Discover the grandeur of Kruger National Park elephants as we share a few simple tips about viewing this remarkable species.
Elephants move with a majesty fitting for the ancient species they are. They’re the largest land animals in the world and a symbol of safaris in Africa.
They’re one of the big 5, traditionally the most sought after hunting trophies (the other four are lions, buffalos, rhinos and leopards). Their ivory tusks were prized.
Today, everyone can enjoy watching an elephant. Kruger National Park is their sanctuary and at the last estimate made in 2011, there were 13,750 of them!
Elephants are very intelligent and are famous for their excellent memories. They graze in herds ranging from a few to over a hundred in number. If you come across a herd this large crossing the road, be prepared to wait until they’ve all passed before you can drive on. Elephants can be about 6 times bigger than your car. Let them have right of way!
Sometimes when an elephant steps behind a tree it vanishes! How can such a big animal disappear? Very easily. The legs look like tree trunks and the foliage hides the elephant’s body! This also means you may be very close to an elephant without knowing it, plus they barely make a noise when they walk. One may all of a sudden step out onto the road seemingly appearing from nowhere!
The Magnificent Seven
The Magnificent Seven are some famous Kruger National Park elephants! They’re celebrated because of the length of their tusks which ranged from 207cm (81″) to 317cm (125″) long. A single tusk this size can weigh as much as an adult!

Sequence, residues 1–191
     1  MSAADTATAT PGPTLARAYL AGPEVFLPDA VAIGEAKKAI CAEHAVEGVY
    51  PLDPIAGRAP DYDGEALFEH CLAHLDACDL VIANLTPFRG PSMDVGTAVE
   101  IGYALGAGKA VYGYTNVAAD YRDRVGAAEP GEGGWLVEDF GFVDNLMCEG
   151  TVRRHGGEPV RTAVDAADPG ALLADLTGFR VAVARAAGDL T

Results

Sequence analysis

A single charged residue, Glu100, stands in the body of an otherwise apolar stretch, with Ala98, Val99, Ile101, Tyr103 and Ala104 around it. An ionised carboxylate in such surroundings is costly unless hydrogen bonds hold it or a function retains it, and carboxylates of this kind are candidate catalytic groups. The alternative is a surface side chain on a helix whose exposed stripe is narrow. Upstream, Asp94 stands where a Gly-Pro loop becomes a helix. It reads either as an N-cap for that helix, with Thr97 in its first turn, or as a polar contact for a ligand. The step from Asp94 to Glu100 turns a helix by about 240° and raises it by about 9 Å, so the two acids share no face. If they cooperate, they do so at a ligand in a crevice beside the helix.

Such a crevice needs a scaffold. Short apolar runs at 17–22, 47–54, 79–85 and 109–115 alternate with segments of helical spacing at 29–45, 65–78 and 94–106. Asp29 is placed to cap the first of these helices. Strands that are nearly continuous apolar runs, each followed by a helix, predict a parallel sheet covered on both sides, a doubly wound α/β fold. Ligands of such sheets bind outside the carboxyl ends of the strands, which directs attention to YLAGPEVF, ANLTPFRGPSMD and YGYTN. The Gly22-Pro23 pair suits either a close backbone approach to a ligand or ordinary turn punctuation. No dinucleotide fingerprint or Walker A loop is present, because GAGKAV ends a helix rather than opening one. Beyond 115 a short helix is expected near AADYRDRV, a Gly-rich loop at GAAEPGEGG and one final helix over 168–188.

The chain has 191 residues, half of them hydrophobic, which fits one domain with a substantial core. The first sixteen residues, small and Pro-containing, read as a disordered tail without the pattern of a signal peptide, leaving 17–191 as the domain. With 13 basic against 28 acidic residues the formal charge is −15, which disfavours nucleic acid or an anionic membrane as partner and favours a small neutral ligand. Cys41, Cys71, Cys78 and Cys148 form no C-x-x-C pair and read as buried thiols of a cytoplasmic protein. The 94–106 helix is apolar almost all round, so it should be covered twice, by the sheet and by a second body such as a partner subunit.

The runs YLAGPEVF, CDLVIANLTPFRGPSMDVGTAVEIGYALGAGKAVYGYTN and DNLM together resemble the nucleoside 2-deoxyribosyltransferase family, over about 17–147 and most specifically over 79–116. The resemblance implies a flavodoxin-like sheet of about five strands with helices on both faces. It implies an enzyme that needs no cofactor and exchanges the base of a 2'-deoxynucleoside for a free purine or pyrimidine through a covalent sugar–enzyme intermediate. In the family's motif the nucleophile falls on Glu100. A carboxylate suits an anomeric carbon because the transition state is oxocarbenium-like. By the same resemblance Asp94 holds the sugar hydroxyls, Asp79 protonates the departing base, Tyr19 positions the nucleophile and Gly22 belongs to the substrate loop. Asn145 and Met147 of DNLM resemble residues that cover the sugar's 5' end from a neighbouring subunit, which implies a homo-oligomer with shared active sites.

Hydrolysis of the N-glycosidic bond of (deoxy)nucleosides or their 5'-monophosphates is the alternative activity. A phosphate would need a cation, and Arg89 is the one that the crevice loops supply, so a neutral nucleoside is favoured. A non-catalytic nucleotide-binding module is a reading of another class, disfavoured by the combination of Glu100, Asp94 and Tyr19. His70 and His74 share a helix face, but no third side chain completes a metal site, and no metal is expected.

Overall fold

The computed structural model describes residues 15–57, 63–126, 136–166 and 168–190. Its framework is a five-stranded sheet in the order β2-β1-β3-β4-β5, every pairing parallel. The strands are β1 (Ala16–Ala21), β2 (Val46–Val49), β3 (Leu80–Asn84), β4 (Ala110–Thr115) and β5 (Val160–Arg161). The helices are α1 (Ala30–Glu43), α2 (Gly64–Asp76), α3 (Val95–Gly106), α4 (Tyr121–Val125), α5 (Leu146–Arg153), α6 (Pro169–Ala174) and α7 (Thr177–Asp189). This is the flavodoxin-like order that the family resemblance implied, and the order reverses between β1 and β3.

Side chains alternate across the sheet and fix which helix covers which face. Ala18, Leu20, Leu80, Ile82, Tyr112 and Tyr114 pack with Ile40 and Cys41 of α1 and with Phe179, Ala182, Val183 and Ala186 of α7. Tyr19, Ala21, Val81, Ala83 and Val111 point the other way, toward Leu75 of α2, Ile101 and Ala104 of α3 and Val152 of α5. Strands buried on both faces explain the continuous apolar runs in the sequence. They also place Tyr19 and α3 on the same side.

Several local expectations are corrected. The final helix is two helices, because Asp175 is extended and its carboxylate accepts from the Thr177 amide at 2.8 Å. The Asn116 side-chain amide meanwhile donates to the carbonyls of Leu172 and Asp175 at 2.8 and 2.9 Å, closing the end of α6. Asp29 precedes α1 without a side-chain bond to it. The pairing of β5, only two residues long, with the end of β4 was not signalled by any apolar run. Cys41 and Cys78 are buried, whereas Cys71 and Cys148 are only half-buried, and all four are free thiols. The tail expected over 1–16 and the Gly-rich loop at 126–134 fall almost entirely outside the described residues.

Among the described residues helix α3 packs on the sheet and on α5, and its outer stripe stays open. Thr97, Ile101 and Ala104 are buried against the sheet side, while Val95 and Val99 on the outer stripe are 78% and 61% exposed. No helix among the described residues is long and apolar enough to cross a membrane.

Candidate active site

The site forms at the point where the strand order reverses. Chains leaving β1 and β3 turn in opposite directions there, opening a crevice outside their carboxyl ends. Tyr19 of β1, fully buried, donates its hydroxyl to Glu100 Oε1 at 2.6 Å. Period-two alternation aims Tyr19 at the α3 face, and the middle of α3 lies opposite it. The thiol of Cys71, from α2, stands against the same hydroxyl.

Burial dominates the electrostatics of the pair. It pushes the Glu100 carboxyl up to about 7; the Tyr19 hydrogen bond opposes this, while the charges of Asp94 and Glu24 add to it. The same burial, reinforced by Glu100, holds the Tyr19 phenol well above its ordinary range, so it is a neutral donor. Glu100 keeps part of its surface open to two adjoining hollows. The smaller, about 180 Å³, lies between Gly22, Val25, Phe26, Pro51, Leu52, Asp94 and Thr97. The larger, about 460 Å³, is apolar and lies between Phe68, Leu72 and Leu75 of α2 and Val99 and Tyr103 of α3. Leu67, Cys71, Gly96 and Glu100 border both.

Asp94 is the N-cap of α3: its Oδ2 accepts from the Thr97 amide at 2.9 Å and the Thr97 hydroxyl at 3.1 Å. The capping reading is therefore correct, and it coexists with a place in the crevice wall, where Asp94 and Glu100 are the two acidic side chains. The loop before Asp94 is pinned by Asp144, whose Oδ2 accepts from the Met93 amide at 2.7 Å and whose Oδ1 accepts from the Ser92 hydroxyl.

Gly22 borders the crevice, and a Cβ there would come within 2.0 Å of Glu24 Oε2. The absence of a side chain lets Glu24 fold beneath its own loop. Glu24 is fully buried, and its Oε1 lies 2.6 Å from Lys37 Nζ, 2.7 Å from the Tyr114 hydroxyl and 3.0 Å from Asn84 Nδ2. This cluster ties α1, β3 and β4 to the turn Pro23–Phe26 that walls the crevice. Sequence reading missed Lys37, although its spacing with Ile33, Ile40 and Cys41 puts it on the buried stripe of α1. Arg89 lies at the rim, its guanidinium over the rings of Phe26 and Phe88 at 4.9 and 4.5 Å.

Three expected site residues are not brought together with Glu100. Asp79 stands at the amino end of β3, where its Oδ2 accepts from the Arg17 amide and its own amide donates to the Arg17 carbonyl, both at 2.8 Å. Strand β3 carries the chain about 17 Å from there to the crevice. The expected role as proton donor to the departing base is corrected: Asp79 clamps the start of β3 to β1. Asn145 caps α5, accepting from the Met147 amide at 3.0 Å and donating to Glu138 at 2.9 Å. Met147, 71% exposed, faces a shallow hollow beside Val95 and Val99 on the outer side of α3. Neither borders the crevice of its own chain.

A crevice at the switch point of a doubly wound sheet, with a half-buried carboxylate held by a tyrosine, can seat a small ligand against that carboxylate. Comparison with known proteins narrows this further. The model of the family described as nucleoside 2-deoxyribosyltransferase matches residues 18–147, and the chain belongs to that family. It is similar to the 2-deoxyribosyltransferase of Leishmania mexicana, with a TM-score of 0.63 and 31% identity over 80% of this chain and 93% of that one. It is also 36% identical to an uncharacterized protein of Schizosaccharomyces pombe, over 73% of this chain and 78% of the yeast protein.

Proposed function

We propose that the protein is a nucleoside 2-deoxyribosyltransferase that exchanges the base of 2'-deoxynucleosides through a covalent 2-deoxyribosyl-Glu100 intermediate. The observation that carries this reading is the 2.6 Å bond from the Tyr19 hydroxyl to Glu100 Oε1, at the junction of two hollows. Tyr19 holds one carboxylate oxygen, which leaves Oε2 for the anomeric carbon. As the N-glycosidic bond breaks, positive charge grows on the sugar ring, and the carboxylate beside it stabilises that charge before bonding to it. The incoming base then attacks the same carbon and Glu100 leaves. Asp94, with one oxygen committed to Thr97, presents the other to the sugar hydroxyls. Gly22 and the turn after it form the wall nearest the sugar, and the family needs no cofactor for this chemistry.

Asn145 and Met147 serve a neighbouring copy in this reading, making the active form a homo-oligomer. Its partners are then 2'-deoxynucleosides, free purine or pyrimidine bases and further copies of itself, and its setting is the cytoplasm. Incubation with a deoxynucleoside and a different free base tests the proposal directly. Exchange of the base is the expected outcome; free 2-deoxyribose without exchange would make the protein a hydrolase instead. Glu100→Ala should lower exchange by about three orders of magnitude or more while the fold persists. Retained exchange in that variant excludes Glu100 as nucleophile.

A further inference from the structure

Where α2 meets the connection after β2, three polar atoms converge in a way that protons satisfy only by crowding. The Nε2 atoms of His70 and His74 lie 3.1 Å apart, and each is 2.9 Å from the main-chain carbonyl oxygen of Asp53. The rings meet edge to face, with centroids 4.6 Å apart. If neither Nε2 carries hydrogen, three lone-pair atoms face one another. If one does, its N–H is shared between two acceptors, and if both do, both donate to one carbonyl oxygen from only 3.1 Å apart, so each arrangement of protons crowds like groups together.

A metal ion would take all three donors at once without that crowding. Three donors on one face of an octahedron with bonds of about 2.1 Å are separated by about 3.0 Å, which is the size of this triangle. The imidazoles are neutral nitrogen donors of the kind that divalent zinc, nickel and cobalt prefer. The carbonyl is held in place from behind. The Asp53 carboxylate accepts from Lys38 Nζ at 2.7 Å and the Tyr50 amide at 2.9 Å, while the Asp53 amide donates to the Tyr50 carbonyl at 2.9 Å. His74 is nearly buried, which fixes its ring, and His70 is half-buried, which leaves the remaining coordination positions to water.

The Magnificent Seven each have a name. They’re called:
All of the Magnificent Seven have come to the end of their lives, but the tusks belonging to each of them are on display at the Elephant Hall in Letaba Rest Camp. It’s well worth visiting if you’re in the area. You can touch the tusks and size them up against yourself and read about the lives of each elephant.
Take Care around Elephants
Scared of being stampeded? There’s no need to be. Stampeding is an extremely rare event and avoiding aggressive elephants is easy if you take note of the warning signs. We’ve learnt from experience that elephants may be aggressive if:
- You’re in the their territory
- There are elephant calves nearby
- They’re in a bad mood
So, how can you manage these situations? Read the next section to find out!
If we’re in our car and we spot an elephant close by (within 25m (80ft) of the direction we’re travelling in) we approach slowly. We don’t toot our horn because it can startle an elephant. We take a few moments to watch the elephant’s behaviour.
Is it grazing for food? Is it walking away from us? If it’s grazing or walking away we continue slowly.
Is the elephant walking towards us quickly? Does it look aggressive? Did it make a trumpeting noise? These are danger signs, especially if it is a male elephant. If we see any of these, we drive away from the elephant immediately.
If our car is facing the elephant, we don’t turn it around. We just reverse until we’re in the clear. Luckily for game viewers, most elephant aggression is a warning only. But do heed the warning.
If we stop to watch elephants with other vehicles nearby, we position our car so that we can drive away promptly. This gives us a clear escape path if an aggressive elephant approaches. We don’t want to be in a traffic jam when we need to get away in a hurry!
If we come across only female elephants with calves, they’ll generally not be aggressive when they see us. They’ll want to shepherd their calf away from the car instead.
Despite all the care one seems to take around elephants, they really are marvellous creatures to view, their gigantic size making them super special. And, because there are so many Kruger National Park elephants, you can’t miss them, even on a short safari.